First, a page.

IN THE ICEBOX
The NATURE program ANTARCTICA: THE END OF THE EARTH highlights many of the unusual strategies that the continent's animals use to survive. Penguins huddle together for warmth, balancing their precious eggs on their feet to keep them from touching the ground and freezing. Seals scour the undersides of floating ice sheets, hunting down the fish and shrimp that hide in the inky waters. But perhaps the South Polar Sea's most amazing hunters are some of its seabirds, who must soar across an endless, featureless ocean in search of food that is hidden beneath the gelid surface.
How do they do it? Simple: they follow their noses.
In remarkable experiments, researcher Gabrielle Nevitt of the University of California at Davis and her colleagues have shown that birds known as "tube noses," including some albatrosses and shearwaters, use the smell of invisible gases to home in on shrimp-like krill and other food.
It works like this: when small, shrimp-like zooplankton feed on plant-like phytoplankton, the tiny organisms produce a gas called dimethyl sufide (DMS). The gas slowly rises above the ocean's surface, gradually dispersing as winds push it away from areas thick with plankton. Like a plume of smoke, however, the cloud of odor provides those birds with the right sense of smell a way to follow the trail back to its source -- saving countless hours of fruitless searching.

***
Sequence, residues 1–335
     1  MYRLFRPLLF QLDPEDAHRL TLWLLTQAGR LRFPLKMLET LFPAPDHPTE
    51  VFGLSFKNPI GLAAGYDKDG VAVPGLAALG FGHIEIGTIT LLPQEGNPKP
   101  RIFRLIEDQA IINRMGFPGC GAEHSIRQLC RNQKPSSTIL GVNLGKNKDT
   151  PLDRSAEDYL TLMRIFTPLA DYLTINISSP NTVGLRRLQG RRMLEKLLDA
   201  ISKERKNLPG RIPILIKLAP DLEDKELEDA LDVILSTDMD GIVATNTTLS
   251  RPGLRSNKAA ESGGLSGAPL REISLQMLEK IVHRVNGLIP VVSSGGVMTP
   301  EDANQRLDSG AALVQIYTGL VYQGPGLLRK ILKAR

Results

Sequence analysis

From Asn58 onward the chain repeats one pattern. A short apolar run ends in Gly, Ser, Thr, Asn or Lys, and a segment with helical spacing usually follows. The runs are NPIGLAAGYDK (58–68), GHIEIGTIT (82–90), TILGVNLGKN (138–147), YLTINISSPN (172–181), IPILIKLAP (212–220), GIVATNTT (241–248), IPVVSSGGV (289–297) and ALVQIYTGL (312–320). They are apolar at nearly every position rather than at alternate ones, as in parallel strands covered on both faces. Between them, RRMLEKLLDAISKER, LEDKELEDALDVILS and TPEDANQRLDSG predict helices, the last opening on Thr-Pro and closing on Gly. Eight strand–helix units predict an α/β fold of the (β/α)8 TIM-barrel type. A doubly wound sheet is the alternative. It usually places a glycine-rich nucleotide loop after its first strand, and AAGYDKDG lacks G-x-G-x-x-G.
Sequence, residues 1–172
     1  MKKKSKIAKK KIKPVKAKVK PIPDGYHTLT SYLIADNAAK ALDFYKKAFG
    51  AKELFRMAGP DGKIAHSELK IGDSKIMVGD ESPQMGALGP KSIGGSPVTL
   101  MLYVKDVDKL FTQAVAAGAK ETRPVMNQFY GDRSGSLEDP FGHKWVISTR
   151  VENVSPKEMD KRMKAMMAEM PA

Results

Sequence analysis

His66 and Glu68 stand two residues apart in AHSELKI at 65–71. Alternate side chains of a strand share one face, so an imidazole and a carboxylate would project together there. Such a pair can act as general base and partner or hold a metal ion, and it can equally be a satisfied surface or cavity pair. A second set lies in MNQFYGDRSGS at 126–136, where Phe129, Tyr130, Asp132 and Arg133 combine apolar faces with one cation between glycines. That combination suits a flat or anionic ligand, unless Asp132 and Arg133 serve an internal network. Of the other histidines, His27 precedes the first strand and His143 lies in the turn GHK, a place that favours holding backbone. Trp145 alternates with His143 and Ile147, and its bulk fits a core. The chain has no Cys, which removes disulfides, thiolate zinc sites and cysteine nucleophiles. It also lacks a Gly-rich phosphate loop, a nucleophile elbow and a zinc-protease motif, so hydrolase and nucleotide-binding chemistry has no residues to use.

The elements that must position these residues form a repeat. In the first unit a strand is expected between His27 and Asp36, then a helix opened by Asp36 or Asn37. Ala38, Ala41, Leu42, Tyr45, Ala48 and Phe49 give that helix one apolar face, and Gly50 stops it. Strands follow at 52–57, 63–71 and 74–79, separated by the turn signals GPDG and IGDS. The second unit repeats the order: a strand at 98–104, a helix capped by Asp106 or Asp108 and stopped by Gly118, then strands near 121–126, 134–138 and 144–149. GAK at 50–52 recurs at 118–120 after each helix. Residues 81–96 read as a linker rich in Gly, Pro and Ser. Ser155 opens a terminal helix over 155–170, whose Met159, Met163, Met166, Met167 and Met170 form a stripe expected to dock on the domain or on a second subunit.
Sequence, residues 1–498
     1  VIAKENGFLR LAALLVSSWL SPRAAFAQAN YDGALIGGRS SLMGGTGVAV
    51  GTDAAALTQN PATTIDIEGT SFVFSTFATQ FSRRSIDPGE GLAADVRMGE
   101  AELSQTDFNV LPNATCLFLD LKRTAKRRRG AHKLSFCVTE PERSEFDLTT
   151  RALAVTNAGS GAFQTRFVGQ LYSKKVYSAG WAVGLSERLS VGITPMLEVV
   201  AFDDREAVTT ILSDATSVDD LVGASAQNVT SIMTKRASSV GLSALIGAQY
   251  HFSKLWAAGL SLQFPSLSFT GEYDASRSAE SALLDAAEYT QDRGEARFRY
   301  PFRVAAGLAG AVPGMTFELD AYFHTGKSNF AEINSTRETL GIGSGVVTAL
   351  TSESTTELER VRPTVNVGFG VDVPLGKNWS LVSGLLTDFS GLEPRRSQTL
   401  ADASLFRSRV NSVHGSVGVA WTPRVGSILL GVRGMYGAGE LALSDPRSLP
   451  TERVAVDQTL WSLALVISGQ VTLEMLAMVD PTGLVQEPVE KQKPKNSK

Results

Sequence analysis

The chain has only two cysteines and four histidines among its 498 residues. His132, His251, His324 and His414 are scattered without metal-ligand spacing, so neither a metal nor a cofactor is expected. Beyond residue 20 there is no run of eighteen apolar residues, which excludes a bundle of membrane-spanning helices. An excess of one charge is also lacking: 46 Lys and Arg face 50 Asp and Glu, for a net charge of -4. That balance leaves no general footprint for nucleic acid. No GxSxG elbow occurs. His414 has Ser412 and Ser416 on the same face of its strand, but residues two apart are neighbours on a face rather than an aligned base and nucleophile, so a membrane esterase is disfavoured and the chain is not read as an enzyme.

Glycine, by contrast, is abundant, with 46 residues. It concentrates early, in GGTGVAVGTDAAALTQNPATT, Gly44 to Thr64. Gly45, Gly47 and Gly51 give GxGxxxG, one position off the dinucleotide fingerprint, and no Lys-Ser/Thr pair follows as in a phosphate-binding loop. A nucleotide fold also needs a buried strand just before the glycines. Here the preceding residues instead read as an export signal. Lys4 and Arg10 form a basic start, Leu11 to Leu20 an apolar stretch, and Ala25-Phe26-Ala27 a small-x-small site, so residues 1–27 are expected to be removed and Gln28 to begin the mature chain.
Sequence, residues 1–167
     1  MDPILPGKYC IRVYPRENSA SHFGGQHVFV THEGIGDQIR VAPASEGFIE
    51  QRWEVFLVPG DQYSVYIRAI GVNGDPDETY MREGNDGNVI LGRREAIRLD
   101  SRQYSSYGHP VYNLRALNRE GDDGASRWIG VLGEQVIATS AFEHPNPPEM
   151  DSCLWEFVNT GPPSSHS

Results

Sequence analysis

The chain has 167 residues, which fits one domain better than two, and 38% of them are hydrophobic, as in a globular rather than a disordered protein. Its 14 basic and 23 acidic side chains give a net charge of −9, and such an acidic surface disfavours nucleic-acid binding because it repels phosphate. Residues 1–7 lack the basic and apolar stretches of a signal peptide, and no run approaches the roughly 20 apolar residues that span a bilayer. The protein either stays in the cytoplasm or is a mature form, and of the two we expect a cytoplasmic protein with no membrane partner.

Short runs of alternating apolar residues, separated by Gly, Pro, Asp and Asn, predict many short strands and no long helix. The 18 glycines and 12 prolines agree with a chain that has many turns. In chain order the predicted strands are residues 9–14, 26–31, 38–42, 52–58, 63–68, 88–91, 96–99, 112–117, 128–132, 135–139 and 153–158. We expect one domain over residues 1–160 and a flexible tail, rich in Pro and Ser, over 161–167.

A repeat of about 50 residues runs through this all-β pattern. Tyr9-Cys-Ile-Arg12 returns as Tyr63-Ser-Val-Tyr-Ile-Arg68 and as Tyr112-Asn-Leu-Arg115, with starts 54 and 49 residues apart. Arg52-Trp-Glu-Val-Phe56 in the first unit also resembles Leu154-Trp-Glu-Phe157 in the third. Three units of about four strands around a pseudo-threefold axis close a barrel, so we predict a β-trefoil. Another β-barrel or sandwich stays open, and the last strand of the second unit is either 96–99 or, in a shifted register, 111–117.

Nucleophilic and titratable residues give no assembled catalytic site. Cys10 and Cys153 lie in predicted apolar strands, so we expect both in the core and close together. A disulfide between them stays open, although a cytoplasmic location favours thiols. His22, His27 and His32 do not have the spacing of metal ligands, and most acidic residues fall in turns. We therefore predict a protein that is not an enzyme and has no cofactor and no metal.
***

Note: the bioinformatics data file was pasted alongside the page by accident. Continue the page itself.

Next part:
Nevitt and her team showed that the birds have the ability to follow these invisible, fragrant road signs by creating vegetable oil slicks scented with the aroma of DMS and other substances. While many kinds of Antarctic birds ignored the slicks, some immediately flocked to the smell -- just the way hungry kids might pack into a kitchen filled with the aroma of fresh-baked brownies.
Other researchers trying to understand how some Antarctic creatures made a living aren't as lucky as Nevitt -- because their study animals are long dead. These paleontologists study Antarctica's remarkable fossils, which offer some insights into how Antarctica's climate, and even location, have changed over time.
Dinosaur and other fossils found on the continent show that Antarctica, Australia, New Zealand, Africa, South America and India were once part of a supercontinent called Gondwana. About 100 million years ago, it broke apart, and the land masses slowly drifted into their current positions. But before that happened, Antarctica enjoyed a warm tropical climate that supported an array of remarkable animals. In fact, about 560 million years ago, Antarctica was north of the equator!
In 1995, for instance, researchers found the remains of a Volkswagen-sized armadillo and huge seagoing squid-like creatures. And in 1998, a team of Argentinean and U.S. scientists found fossils of a duck-billed dinosaur, along with remains of Antarctica's most ancient bird and an array of giant marine reptiles. The find allowed researchers "to paint a much fuller picture of what life was like in Antarctica at the time," said Scott Borg of the National Science Foundation in Washington. "The climate was obviously very different," he notes. "There must have been a lot of vegetation to support these large plant-eaters."